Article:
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buying your first motorbike

Bikesure ambassador UsernameKate, AKA Kate Ralph of Bolton in Lancashire, offers five tips if you have passed your test and are buying your first motorbike.

And her advice comes with huge experience because the rising YouTube star has held sales roles for some of the world’s top bike brands such as Harley-Davidson, Ducati and, since March 2020, BMW.

It’s not just selling bikes, UsernamKate has experience buying them too and currently owns a Triumph Street Triple 765 RS, Suzuki GSXR 750 K6 Trackheap and Beta Alp 200. She also gets to ride many other motorcycles in test rides and bike reviews on her YouTube channel.

UsernameKate said: “It’s understandable to be blinded by the vast number of options and possibilities when it comes to buying your first bike. 

“Here you will find five important things to consider when choosing a motorcycle that is suitable for your first bike.”

1 What type of riding are you looking to do?

As a salesperson, this is one of the fundamental questions that I ask potential customers when they are looking at buying their first motorbike. It ‘s important to establish what’s going to be the most suitable bike for them and their individual situation.

If you are simply looking for a Sunday toy, the practicality of a bike may not be so important, so fill your boots with that obnoxious exhaust and lack of screen to help with wind protection.

If you are looking at doing some big mile munching, comfort and fuel range might be some of the key features that you need to look out for.

2 Research, research and research some more!

There are many ways to conduct your research when buying your first motorbike. You have professional sources like manufacturer websites and there are motorcycle news outlets such as MCN and Visordown to get facts and figures. 

You can also sometimes learn real life ownership experiences from genuine bikers that are on Facebook owners groups, or even just by chatting with fellow bikers at local bike meets. They’ve usually spent their hard earned cash on their motorcycles and are often quite vocal about the things they like and the things they dislike about their bikes. 

You can usually find lots of hidden gems in anecdotal tales on Facebook — things to look out for, weak areas, strong suits etc.

3 Should you buy privately or from a dealership?

A common dilemma when buying your first motorbike is whether or not to buy from a dealership or from a private seller.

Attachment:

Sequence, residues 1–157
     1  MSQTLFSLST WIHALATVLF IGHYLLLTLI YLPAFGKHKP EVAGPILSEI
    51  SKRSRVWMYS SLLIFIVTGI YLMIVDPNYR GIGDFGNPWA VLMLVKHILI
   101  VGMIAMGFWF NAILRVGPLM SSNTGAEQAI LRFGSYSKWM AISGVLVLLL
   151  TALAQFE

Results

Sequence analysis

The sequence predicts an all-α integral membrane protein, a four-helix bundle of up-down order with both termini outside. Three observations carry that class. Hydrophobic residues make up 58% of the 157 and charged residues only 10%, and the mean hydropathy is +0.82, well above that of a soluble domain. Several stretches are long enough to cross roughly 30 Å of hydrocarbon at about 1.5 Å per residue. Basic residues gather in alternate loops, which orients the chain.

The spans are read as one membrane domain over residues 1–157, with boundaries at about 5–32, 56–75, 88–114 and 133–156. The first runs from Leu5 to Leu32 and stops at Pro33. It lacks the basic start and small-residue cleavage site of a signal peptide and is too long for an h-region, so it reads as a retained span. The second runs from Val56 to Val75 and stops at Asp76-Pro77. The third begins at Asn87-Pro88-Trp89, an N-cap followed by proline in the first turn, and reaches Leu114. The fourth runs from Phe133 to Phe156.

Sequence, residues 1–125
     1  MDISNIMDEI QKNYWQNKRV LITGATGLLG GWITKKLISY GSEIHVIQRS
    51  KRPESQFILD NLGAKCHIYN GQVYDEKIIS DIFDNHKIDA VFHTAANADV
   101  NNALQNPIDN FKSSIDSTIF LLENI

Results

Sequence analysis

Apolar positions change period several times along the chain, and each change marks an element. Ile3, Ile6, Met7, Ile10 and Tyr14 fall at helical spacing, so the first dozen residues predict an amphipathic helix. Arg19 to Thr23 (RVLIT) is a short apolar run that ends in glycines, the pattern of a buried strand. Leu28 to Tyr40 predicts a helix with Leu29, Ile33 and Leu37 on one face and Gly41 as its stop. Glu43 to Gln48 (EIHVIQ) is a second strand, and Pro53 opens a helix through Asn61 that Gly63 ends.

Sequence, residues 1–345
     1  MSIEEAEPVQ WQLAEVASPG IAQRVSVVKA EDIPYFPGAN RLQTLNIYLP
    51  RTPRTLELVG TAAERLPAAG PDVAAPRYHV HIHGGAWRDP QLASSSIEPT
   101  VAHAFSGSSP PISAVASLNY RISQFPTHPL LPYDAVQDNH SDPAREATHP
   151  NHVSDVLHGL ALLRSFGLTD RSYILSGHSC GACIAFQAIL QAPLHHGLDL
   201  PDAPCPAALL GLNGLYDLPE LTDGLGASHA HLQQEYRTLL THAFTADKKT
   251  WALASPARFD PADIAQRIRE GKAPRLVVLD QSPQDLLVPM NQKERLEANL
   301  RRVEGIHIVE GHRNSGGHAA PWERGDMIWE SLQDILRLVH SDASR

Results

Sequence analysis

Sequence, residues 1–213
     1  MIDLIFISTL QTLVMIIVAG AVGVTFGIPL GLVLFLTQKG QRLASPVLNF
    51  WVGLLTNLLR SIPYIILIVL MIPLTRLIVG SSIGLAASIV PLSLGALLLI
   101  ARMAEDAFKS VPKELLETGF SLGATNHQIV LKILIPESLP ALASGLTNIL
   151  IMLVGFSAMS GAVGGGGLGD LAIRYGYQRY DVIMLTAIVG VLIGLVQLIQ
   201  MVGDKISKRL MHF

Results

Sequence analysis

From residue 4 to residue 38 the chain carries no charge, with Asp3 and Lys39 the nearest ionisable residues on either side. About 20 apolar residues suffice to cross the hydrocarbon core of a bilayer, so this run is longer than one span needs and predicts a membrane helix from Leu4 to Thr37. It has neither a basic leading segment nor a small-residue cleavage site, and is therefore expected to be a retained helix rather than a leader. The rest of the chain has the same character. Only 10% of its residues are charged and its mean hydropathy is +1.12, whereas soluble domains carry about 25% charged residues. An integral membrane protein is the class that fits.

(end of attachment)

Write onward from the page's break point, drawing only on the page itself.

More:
Pros to buying from a dealership? You usually get some form of warranty which can be particularly comforting in case anything goes wrong. It usually means you won’t be lumbered with a huge repair bill. An obvious downside to this is, usually, you will pay a premium for this safety blanket.

Pros to buying privately? The poor sod you’re buying the bike from has already taken a hit on the VAT if the bike is nearly new, meaning you save £££s.

If the bike is already quite old and has done a lot of miles, you might be looking at a bike that’s relatively “depreciation proof”. 

Some bikes like Suzuki Bandits and Honda Hornets for example, can be picked up for around £2,000 and under. 

One of the worries with buying a bike from a private seller is that once you’ve done the deal, the bike is “sold as seen” meaning if it starts to show any mechanical or electrical problems after you’ve purchased it – it’s your responsibility to put it right!

4 Worried that you won’t ask the right questions?

Take someone along with you to view with you when buying your first motorbike. Take someone who is confident, who knows about bikes and knows what questions to ask. A second pair of eyes and a second set of ears are always a good thing to have when parting with your hard earned cash money.

 When I bought my first track bike, I didn’t have a clue what I was looking for, so I brought along a racer that I know for a second opinion. He checked over the bike and of course, it’s still risky as the engine could have been a pig, however he listened to it running and he could tell it didn’t sound like a bag of spanners and that it was probably a safe bet.

5 Can you afford buying your first motorbike?

Cost of buying yiur first motorbike is a critical factor. It’s all well and good saying, “I have £3,000 to buy a bike”. But do you?  

Have you considered that ever growing road tax? Have you thought about the costs of insurance? Have you acknowledged servicing and maintenance costs? What about when you’re due a new set of tyres? 

Though motorcycles are a labour of love, they can also be a bit of a money pit if you aren’t prepared. Be realistic in what you can afford and don’t get caught out! 

I hope this guide has been of use to you and we wish you all the best in purchasing your first motorcycle!

buying your first motorbike

Insurance when buying your first motorbike

However much you spend and whichever motorcycle you end up buying, Bikesure will find you a competitive insurance quote that won’t compromise on quality.

As a specialist motorbike broker we will compare motorcycle insurance from dozens of providers to find you the very best deal, whatever your personal needs and even if it is your first bike. We treat all our customers as individuals and because we have access to more than 40 different motorbike and moped insurance schemes, you can be sure there will be one suited to you.

Call 0330 123 1028 to get a great quote or book a call-back at a time that suits you. 

 

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